Let $\text{\hspace{0.17em}}\left(x,y\right)\text{\hspace{0.17em}}$ be a point on the parabola with vertex $\text{\hspace{0.17em}}\left(0,0\right),$ focus $\text{\hspace{0.17em}}\left(0,p\right),$ and directrix $\text{\hspace{0.17em}}y= -p\text{\hspace{0.17em}}$ as shown in [link] . The distance $\text{\hspace{0.17em}}d\text{\hspace{0.17em}}$ from point $\text{\hspace{0.17em}}\left(x,y\right)\text{\hspace{0.17em}}$ to point $\text{\hspace{0.17em}}\left(x,-p\right)\text{\hspace{0.17em}}$ on the directrix is the difference of the y -values: $\text{\hspace{0.17em}}d=y+p.\text{\hspace{0.17em}}$ The distance from the focus $\text{\hspace{0.17em}}\left(0,p\right)\text{\hspace{0.17em}}$ to the point $\text{\hspace{0.17em}}\left(x,y\right)\text{\hspace{0.17em}}$ is also equal to $\text{\hspace{0.17em}}d\text{\hspace{0.17em}}$ and can be expressed using the distance formula    .

explain and give four Example hyperbolic function
The denominator of a certain fraction is 9 more than the numerator. If 6 is added to both terms of the fraction, the value of the fraction becomes 2/3. Find the original fraction. 2. The sum of the least and greatest of 3 consecutive integers is 60. What are the valu
1. x + 6 2 -------------- = _ x + 9 + 6 3 x + 6 3 ----------- x -- (cross multiply) x + 15 2 3(x + 6) = 2(x + 15) 3x + 18 = 2x + 30 (-2x from both) x + 18 = 30 (-18 from both) x = 12 Test: 12 + 6 18 2 -------------- = --- = --- 12 + 9 + 6 27 3
Pawel
2. (x) + (x + 2) = 60 2x + 2 = 60 2x = 58 x = 29 29, 30, & 31
Pawel
Mark and Don are planning to sell each of their marble collections at a garage sale. If Don has 1 more than 3 times the number of marbles Mark has, how many does each boy have to sell if the total number of marbles is 113?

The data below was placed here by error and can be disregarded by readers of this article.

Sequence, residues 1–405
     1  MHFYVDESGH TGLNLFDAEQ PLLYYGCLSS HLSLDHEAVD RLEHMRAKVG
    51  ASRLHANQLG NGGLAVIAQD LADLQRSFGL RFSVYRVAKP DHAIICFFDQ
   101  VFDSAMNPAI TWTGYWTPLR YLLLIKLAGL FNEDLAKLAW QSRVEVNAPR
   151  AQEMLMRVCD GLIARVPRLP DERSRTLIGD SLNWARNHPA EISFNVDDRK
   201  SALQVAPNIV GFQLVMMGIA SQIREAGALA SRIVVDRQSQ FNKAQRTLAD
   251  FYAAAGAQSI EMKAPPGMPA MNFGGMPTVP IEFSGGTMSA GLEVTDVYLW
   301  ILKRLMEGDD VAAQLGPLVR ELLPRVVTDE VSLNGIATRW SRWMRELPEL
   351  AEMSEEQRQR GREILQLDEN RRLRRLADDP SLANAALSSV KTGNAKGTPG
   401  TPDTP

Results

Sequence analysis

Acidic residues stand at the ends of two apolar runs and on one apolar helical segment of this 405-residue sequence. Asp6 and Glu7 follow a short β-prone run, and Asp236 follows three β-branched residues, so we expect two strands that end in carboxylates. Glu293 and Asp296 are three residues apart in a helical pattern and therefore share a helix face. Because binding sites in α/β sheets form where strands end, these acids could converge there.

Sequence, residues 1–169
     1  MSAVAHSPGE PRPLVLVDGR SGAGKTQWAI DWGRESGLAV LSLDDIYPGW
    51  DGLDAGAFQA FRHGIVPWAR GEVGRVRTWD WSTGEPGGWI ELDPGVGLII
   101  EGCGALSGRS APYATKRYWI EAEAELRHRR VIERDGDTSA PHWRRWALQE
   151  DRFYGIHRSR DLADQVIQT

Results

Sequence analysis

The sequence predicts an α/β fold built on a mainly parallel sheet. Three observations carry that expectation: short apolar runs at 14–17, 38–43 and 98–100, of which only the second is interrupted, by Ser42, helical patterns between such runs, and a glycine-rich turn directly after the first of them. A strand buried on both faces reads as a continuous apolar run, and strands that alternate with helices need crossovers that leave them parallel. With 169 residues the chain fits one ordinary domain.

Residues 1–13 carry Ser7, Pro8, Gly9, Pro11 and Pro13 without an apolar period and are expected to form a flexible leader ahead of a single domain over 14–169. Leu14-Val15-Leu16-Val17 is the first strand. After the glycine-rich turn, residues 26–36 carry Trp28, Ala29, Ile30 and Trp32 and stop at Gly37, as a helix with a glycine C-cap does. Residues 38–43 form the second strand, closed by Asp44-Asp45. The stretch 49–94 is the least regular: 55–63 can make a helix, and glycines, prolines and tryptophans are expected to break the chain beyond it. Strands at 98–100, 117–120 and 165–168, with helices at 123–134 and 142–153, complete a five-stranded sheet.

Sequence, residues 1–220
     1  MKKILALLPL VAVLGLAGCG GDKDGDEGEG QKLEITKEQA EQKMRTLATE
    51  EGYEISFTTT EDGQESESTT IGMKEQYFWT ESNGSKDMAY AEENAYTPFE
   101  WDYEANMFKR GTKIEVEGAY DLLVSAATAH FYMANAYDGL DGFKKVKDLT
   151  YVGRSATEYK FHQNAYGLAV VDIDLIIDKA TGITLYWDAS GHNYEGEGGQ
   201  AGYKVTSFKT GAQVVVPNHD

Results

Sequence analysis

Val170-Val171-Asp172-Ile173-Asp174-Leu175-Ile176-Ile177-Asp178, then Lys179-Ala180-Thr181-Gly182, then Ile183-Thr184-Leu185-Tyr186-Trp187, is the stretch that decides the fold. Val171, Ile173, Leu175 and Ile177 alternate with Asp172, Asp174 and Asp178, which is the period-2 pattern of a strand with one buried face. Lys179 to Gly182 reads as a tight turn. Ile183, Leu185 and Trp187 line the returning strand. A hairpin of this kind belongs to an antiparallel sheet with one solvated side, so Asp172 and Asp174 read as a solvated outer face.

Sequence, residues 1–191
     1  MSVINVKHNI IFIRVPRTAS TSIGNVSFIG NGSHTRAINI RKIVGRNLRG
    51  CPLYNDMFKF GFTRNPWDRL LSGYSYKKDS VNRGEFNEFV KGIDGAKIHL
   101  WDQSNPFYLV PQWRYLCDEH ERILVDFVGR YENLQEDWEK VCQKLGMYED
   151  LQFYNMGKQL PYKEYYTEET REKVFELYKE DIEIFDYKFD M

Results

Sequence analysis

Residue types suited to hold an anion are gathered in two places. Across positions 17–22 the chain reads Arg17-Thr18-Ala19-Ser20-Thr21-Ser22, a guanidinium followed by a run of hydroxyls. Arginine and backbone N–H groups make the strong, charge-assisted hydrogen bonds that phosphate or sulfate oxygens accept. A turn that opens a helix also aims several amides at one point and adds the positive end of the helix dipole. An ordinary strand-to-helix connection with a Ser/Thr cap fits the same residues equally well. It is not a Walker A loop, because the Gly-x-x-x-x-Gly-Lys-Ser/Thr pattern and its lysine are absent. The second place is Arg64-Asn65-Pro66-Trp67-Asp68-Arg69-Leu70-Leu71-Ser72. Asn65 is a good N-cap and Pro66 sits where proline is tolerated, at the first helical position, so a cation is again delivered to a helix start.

Mark = x,. Don = 3x + 1 x + 3x + 1 = 113 4x = 112, x = 28 Mark = 28, Don = 85, 28 + 85 = 113
Pawel
how do I set up the problem?
what is a solution set?
Harshika
find the subring of gaussian integers?
Rofiqul
hello, I am happy to help!
Abdullahi
hi mam
Mark
find the value of 2x=32
divide by 2 on each side of the equal sign to solve for x
corri
X=16
Michael
Want to review on complex number 1.What are complex number 2.How to solve complex number problems.
Beyan
yes i wantt to review
Mark
use the y -intercept and slope to sketch the graph of the equation y=6x
how do we prove the quadratic formular
Darius
hello, if you have a question about Algebra 2. I may be able to help. I am an Algebra 2 Teacher
thank you help me with how to prove the quadratic equation
Seidu
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Opoku
what is math number
4
Trista
x-2y+3z=-3 2x-y+z=7 -x+3y-z=6
can you teacch how to solve that🙏
Mark
Solve for the first variable in one of the equations, then substitute the result into the other equation. Point For: (6111,4111,−411)(6111,4111,-411) Equation Form: x=6111,y=4111,z=−411x=6111,y=4111,z=-411
Brenna
(61/11,41/11,−4/11)
Brenna
x=61/11 y=41/11 z=−4/11 x=61/11 y=41/11 z=-4/11
Brenna
Need help solving this problem (2/7)^-2
x+2y-z=7
Sidiki
what is the coefficient of -4×
-1
Shedrak
the operation * is x * y =x + y/ 1+(x × y) show if the operation is commutative if x × y is not equal to -1 By By OpenStax By Hannah Sheth By Sean WiffleBoy By JavaChamp Team By By Joli Julianna By Vanessa Soledad By Tod McGrath By David Corey By OpenStax